Lot #354. Type I Morphy Barleycorn Chess Set


Type I Morphy Barleycorn Chess Pieces.

Paul Morphy
Paul Morphy

This is the very first chess set I ever owned, hence it is not for sale, but shown here for information purposes only. It is fine example of a set of very early Type I Morphy Barleycorn Chess Pieces, with broad, simple turned ringed features on the Royal Pieces. The Type I Morphy Barleycorn Chess pieces are all mounted atop smooth baluster stems with simple circular bases.The chessmen are fabricated from natural and Cochineal-stained bone. This set is identical to the chess pieces shown in the adjacent image on a chess table with Paul Morphy on the frontispiece of Philip Sergeant’s Morphy’s Games of Chess. True Barleycorn style chessmen have broad barrel-bodied Kings and Queens, and are normally fabricated from bone, rarely ivory. This King stands 3.9″ tall with a 1.0″ diameter base. The Rooks are broad, reticulated towers with cogged rings and a flagless tapered staff surmounted with a ball finial.  The Bishops, Knights and Pawns are baluster mounted headpieces. The chessmen are in very good condition. The set was probably produced in Germany between 1790 and 1800.

Cochineal Dye. To create the red dye, Carminic acid is extracted from the female cochineal insects and is treated to produce carmine, which can yield shades of red such as crimson and scarlet. The body of the insect is 19–22% carminic acid. The insects are processed by immersion in hot water or exposure to sunlight, steam, or the heat of an oven. Each method produces a different color that results in the varied appearance of commercial cochineal. It takes about 80,000 to 100,000 insects to make one kilogram of cochineal dye.

The term Type I Barleycorn Chess Pieces is used to describe a range of Barleycorn designs which feature plain ringed bodies on the Kings and Queens. The Queens frequently sport a large reticulated plume headpiece. The Kings can have a number of headpiece configurations, normally fluted and surmounted by a reticulated sphere. These chessmen were primarily fabricated from bone and were manufactured in Europe during the 19th centuryRooks are normally stout towers, often sporting tapered staffs with or without flags. Bishops, Knights and Pawns are headpieces mounted atop baluster pedestals.  The Type I Barleycorn chess sets probably first appeared at the end of the 18th century.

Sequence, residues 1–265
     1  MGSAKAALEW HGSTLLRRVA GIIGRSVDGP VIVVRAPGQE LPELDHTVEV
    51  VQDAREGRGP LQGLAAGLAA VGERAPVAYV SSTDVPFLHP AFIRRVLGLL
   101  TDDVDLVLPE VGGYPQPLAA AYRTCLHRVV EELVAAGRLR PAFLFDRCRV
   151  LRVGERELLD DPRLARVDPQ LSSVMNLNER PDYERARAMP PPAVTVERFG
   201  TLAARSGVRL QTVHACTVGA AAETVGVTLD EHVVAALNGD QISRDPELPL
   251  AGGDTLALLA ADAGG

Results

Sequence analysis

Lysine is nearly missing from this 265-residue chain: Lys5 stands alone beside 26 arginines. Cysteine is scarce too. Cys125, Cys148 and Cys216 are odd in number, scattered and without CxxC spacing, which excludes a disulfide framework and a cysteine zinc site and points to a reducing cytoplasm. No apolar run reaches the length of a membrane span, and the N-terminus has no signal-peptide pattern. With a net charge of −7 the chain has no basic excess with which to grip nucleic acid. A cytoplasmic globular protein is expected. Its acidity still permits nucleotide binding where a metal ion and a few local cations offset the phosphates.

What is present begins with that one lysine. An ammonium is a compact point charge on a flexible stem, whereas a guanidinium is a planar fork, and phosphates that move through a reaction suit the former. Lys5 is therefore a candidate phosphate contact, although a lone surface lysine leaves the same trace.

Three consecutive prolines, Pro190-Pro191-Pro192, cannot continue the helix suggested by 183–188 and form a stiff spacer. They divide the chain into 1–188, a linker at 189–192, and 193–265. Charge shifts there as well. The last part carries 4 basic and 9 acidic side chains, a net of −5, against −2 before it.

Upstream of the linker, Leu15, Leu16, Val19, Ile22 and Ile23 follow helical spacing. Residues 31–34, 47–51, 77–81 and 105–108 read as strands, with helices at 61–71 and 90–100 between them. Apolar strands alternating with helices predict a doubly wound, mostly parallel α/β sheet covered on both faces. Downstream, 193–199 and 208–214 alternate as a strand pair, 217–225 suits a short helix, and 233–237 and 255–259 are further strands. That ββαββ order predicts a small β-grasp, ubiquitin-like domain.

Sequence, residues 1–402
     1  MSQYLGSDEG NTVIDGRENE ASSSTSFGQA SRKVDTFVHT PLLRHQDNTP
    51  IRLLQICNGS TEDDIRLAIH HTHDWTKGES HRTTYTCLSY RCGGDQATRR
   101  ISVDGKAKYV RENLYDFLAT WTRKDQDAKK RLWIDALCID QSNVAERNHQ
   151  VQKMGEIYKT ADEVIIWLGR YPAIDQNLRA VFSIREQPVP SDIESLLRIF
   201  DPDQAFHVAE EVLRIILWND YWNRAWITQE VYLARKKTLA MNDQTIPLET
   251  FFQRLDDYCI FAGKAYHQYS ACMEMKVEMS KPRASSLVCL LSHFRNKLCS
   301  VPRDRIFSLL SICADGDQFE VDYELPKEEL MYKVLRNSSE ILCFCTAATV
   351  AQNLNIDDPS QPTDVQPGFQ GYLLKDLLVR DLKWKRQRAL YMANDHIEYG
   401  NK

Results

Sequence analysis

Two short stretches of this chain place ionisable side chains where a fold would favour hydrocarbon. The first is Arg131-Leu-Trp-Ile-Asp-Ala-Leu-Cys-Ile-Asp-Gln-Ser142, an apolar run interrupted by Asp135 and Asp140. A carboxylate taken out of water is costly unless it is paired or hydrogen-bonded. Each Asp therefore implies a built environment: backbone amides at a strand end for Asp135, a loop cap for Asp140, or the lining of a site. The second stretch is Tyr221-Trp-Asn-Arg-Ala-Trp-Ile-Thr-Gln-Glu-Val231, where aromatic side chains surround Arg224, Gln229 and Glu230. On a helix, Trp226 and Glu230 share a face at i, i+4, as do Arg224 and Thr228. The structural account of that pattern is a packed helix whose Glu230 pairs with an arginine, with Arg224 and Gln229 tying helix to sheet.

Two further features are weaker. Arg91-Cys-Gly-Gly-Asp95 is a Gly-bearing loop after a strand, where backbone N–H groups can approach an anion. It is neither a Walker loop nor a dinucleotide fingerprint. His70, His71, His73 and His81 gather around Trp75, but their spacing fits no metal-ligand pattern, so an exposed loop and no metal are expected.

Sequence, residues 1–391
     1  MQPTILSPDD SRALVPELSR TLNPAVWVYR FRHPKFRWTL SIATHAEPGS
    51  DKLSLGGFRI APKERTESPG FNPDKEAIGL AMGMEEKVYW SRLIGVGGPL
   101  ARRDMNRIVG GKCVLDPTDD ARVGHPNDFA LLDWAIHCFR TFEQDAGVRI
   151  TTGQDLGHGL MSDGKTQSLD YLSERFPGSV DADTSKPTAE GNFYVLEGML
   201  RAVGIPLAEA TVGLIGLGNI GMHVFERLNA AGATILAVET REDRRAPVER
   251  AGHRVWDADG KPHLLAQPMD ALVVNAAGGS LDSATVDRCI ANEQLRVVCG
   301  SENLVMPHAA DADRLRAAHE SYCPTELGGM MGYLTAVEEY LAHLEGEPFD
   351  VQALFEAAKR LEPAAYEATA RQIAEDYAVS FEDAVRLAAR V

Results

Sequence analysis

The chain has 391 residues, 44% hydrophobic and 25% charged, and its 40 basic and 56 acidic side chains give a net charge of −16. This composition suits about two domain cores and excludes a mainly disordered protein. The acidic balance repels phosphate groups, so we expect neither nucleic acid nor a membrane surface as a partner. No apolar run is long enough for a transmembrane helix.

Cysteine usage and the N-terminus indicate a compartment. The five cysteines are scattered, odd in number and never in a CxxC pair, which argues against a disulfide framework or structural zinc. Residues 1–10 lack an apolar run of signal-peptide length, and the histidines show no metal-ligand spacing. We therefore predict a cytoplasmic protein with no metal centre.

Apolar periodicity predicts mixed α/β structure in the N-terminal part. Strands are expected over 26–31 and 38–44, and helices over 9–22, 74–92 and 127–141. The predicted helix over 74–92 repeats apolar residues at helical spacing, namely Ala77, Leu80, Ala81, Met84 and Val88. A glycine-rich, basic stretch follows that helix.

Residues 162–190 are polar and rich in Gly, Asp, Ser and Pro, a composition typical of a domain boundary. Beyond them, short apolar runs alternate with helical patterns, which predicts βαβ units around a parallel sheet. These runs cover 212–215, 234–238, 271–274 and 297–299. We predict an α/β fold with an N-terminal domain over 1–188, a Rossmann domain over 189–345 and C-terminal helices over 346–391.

The popular Barleycorn design suffered from instability and fragility. Other common complaints were that the  size of the Royal pieces often obscured the view of the other chessmen during play. (Needless to say, these sets were not conducive to Blitz Chess!) Barleycorn chess sets were in common use through the early 20th Century. Despite its early popularity, the design was quickly replaced by the now standard Staunton chessmen, first offered in September of 1849. The new Staunton  chessmen proved to be much more stable, durable and suitable for practical play. 

Additional information

Weight6 lbs
Dimensions12 × 12 × 10 in

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